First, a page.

If the terms of Australia's deal with Malaysia seem shortsighted and
potentially misguided, it may be because Malaysia was Australia's plan B
partner for a refugee deal. Australia initially pressured neighboring East
Timor for over a year to host a regional refugee processing center, but Dili
rejected the offer in July 2010. According to Dili's vice foreign minister,
Alberto Xavier Pereira Carlos, East Timor would have been burdened by a refugee
facility that it lacked the capacity to manage.
History shows East Timor's caution was justified. In 2001, Australia and Nauru
agreed to terms in which refugees arriving in Australia by boat would be
transferred to detention camps in Nauru to await processing. A portion of the
boat arrivals whose asylum applications could be quickly verified by Australian
authorities were resettled swiftly in New Zealand or Australia. For the others,
life in Nauru amounted to a form of imprisonment considering the island's harsh
The Nauru deal - part of what was then referred to as the "Pacific Solution" to
Australia's perceived refugee crisis - initially succeeded in reducing the
number of illegal arrivals in Australian waters and was seemingly favored by
the Australian population. However, in 2008, Australia closed the Nauru center
because of criticism from human-rights groups about the poor living conditions
of the refugees-in-waiting.
Still, Australia clearly has not given up on the idea of outsourcing its
refugee processing to a second country. On August 15, Australia concluded a
deal with Papua New Guinea to use its island of Manus as an alternative site to
sending asylum-seekers to Malaysia. Like Nauru, East Timor and Malaysia,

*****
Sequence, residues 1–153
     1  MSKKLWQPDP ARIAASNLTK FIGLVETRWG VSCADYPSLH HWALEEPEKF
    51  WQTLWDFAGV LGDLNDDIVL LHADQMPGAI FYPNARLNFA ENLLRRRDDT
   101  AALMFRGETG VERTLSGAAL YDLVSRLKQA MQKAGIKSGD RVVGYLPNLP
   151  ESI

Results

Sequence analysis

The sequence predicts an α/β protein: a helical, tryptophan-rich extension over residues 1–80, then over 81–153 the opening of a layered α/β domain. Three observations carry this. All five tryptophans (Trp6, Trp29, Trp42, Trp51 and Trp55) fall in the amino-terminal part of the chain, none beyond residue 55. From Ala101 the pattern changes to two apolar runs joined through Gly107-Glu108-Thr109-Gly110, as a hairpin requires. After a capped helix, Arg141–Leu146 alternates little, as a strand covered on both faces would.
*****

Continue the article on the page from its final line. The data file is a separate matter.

Australia apparently believes future potential refugees will be less attracted
to being parked at Papua New Guinea than Australia and thus fewer will set sail
for Australian waters.
Those who have made the voyage, however, are increasingly demanding their
rights. Nearly one month after the deal with Malaysia was signed, 42 of the
asylum-seekers in Australia challenged the legality of the agreement, arguing
that they should not be sent to Malaysia where international refugee law does
not apply. The Australian opposition, meanwhile, has also argued that
processing the refugees at home would be cheaper, more humane, and more
efficient than paying for the flights to send asylum seekers to Malaysia.
Despite clear flaws in the deal, Australian prime minister Julia Gillard and
her Malaysian counterpart Najib Razak maintain that the benefits of the
exchange deal outweigh the costs. In particular, they have argued that the
exchange would undermine the business model of human smuggling syndicates,
which often peddle their services with the allure of final residence in
Thus boat people who in future arrive in Australian waters have no guarantee of
final resettlement there. Instead, they face the prospect of paying their life
savings to a smuggler and risking their lives on the high seas to get to
Australia only to be rewarded with a plane ticket to Malaysia or further sea
voyage to Papua New Guinea.
Australian immigration minister Christopher Bowen says the Australia-Malaysia
refugee exchange deal sends a ''very strong message that if you come to
Australia by boat, you will be returned to Malaysia and you will have no
preferential treatment in your processing ... That is a tough message.''
But while Australian politicians remain averse to their country being seen as a
regional refugee "safe-haven", the desperation of asylum-seekers and the hope
of eventually being resettled in Australia via a circuitous route may be enough
to keep the boats coming.
Jacob Zenn graduated from Georgetown Law's Global Law Scholar's Program
in 2011 and earned a Certificate in Refugee Law and Humanitarian Emergencies.
He worked at UNHCR Malaysia in 2009.